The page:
I’m not a religious person, but I can see why the Biblical idea of being “thrice denied” is so powerful. It’s an act of rejection – betrayal – by the person who had previously been closest, most loyal. I’m not drawing comparison with Christ here; but on an emotional level, denial by a loved one with dementia is that ultimate hurt for family. Particularly when that loved one is the only family you have left, the one who loved you most – or perhaps the only one who loved you, to whom you have devoted your life.

Of course, they are not wilfully rejecting you, but are perhaps frightened themselves of not knowing who they are and scared to find "strangers" around them. But understanding that doesn’t make it hurt any less. 

There were times in recent years when I broke down in despair at the situation mum and I shared; although I tried not to let her see how upset I was, there was a part of me that wanted her to see, to be moved by it, to show me she still cared. Yet she would watch me cry in a detached, almost anthropological way – like a scientist examining a subject. 

The last night we spent together in our family home, the night before I took her into care, she found me curled up, sobbing on my bed. She stood and looked on from the doorway for a few moments, not exactly upset, but vaguely disturbed. 

“Why are you crying?”, she asked.  I couldn’t reply: it was too huge.  “Come on!”, she said, “stop that now.”  I couldn’t.  “I love you, as if you were my own daughter.”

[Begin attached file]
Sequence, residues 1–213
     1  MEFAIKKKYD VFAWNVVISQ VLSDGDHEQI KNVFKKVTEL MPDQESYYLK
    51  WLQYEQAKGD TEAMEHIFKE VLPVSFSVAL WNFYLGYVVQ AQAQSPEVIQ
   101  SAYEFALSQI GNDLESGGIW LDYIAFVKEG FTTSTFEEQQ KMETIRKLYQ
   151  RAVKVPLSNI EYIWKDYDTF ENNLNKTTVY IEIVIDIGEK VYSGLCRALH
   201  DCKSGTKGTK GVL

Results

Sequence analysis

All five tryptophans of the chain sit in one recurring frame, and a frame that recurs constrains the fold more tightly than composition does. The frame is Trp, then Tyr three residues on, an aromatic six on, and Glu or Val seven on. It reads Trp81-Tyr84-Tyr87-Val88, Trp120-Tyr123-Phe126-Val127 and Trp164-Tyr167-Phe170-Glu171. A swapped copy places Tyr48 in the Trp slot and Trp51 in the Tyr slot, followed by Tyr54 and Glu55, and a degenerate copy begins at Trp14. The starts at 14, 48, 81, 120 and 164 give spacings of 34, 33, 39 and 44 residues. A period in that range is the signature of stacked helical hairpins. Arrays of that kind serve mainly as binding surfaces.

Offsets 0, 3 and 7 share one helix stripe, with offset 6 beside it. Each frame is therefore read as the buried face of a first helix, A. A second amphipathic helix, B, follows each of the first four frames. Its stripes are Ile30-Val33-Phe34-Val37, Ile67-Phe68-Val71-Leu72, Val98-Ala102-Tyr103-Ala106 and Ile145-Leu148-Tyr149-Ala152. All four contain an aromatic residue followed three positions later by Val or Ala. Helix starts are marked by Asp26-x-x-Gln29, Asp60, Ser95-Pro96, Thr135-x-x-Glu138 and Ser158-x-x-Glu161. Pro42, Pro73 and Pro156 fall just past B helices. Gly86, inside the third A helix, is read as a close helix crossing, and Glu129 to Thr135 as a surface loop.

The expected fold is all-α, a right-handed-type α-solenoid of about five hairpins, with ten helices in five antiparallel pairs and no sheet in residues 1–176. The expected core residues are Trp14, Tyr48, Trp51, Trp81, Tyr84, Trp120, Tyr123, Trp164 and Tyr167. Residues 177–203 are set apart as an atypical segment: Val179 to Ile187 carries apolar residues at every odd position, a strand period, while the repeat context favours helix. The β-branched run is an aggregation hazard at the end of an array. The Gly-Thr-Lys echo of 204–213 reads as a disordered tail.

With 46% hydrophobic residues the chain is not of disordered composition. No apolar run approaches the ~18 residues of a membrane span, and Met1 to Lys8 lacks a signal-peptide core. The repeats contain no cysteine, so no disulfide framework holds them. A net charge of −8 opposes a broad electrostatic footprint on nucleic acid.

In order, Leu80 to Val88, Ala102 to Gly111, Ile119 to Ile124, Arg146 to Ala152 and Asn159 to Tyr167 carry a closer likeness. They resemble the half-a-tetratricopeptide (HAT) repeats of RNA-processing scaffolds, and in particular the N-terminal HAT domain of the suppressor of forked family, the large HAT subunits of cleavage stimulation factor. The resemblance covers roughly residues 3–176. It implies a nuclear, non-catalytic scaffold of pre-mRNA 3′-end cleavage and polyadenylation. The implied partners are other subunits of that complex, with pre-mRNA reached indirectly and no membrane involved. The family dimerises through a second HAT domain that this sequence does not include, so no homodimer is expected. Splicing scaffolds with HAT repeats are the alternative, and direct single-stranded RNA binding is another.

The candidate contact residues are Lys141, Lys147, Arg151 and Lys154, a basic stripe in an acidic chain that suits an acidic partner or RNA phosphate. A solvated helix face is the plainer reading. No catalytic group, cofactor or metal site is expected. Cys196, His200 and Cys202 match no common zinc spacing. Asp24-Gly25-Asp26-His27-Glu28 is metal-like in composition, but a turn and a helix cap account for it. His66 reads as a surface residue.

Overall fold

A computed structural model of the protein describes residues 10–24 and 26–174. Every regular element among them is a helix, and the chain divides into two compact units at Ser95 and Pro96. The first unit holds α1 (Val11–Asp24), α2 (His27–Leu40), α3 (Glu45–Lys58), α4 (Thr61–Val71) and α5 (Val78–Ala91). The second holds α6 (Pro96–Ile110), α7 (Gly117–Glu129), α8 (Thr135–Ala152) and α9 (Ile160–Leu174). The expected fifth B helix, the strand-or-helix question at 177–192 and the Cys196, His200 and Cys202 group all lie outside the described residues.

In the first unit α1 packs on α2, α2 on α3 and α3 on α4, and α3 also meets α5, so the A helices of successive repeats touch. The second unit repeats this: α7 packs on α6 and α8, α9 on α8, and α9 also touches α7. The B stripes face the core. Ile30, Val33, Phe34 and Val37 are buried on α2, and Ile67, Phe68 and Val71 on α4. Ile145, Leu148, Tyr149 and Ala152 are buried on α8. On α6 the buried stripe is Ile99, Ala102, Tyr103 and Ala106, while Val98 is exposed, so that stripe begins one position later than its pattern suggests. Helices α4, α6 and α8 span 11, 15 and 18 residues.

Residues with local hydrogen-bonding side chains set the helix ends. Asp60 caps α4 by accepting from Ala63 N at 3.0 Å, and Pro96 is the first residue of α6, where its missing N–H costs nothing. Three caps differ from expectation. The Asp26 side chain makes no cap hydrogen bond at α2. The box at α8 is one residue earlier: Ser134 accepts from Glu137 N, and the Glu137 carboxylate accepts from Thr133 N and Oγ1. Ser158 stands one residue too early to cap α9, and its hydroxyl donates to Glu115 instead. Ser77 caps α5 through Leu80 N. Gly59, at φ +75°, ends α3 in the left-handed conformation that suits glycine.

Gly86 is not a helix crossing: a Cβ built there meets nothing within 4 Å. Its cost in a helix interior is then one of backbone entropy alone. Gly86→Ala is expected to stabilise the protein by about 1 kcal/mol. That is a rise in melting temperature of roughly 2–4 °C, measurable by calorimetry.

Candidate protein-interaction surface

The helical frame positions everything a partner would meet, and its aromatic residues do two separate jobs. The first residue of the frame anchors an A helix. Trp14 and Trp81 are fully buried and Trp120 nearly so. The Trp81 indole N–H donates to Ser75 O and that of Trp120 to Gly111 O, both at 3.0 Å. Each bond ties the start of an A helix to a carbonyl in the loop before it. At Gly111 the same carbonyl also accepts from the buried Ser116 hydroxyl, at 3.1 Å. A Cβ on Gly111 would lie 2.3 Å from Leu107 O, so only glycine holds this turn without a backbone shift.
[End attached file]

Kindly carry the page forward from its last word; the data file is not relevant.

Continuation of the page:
‘As if?’ ‘As if…?’  Then who did she think I was? That was in 2011.

The day before last week’s incident in the care home, when mum had said “I don’t know who you are”, I had been speaking at the Alzheimer's Show in London; I had also sat on a Question Time Panel alongside Jeremy Hughes, CEO of the UK Alzheimer’s Society and Baroness Greengross, Chair of the All-Party Parliamentary Group on Dementia, among other experts in the field.

Afterwards, I met two ladies, who expressed surprise to find me queuing with them for the loos. “We just saw you on that panel”, one of them said, “I’d have thought you’d have somewhere special to go.”  No, I explained, we all have to go in the same place. That strikes me as a good analogy: where dementia is concerned, there are no V.I.P. toilets. We are all in the same queue…

Anyone who saw me speak that day might have thought that I had come to terms with my mum’s dementia, that I’d “got it sorted”.  But the truth is none of us has. 

We learn to accommodate it on a practical level, to accept it intellectually. But emotion can never be wholly tamed; those moments, when the person you love most in the whole world says they don’t know who you are, can still floor you, however much control you think you’ve gained. 

I’m glad there’s far more dementia awareness now – initiatives such as Dementia Friends to teach the public the basics, and much good work being done in professional dementia care. 

But my final thought to policy-makers, media, and professionals at the end of Dementia Awareness Week 2014 is please, never forget how it feels

For families, it never stops hurting. And sometimes the only honest response is to flee into another room and simply bawl your heart out.